Despite my thoughts on the issue, I am most disturbed that such an incredibly one-sided view was presented in your newspaper that left out many key facts. It felt like propaganda. Progressive media is valuable, and I believe so strongly that our country needs it. However, these media outlets, too, should research the whole a story before waxing poetic about what is frankly, ideology.
Thank you for your time.
Cole E. Judge
GMOs Are Not Healthy for People and Other Living Things
I would like to add a little clarification that somehow got missed in the article. Not only did Raquel Duke organize the March Against Monsanto Fresno event at Woodward Park on Oct. 6, which included the screening of the Jeffrey Smith film Genetic Roulette, as well as some speakers, but she also organized the actual march on Blackstone Avenue on Oct. 12, known as the March Against Monsanto Fresno-Actual March. It has its own page on Facebook. The photo of Raquel in this article was taken at the Oct. 6 event at Woodward Park.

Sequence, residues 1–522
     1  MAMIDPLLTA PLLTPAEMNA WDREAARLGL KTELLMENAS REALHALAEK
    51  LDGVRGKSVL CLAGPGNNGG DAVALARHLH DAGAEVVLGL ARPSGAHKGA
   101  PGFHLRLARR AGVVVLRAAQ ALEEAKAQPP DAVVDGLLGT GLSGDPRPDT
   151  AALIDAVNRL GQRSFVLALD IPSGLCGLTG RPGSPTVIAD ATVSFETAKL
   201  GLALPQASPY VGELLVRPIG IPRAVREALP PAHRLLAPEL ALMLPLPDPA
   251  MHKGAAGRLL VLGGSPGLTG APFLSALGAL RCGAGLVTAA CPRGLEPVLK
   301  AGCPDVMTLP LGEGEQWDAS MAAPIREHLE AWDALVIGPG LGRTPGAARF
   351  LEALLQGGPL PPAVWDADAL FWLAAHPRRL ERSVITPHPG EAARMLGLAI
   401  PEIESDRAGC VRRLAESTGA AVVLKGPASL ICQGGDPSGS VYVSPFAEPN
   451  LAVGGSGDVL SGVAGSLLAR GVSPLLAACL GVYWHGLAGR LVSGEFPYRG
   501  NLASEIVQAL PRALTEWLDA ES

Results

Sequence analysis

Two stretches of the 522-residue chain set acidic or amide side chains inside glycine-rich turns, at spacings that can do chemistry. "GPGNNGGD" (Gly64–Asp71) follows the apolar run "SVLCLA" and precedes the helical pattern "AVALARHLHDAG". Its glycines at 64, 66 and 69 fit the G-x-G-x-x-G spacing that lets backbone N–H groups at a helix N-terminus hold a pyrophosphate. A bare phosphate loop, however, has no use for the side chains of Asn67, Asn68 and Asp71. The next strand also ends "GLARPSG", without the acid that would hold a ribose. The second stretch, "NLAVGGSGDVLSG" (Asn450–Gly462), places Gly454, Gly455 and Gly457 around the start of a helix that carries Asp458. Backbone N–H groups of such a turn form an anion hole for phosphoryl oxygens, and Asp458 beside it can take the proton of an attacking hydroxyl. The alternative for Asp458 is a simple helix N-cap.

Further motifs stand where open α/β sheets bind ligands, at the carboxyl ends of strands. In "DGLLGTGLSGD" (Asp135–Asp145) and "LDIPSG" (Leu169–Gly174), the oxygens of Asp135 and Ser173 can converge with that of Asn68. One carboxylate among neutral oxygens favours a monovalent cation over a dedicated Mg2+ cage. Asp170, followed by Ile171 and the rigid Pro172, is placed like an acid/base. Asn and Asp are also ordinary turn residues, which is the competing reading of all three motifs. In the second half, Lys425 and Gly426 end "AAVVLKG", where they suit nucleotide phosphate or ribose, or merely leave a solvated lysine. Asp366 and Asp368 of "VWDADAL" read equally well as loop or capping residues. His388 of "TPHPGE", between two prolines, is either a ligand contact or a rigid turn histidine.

Love Ya Bro
Almost nine years ago, a very good friend of mine suggested I send some of my articles to the Community Alliance in Fresno. “It’s a progressive paper, a great paper,” she told me. That woman is Maria Telesco. Maria said the editor would probably consider publishing some of my observations and experiences within the California Department of Corrections and Rehabilitation (CDCR). That editor is Mike Rhodes.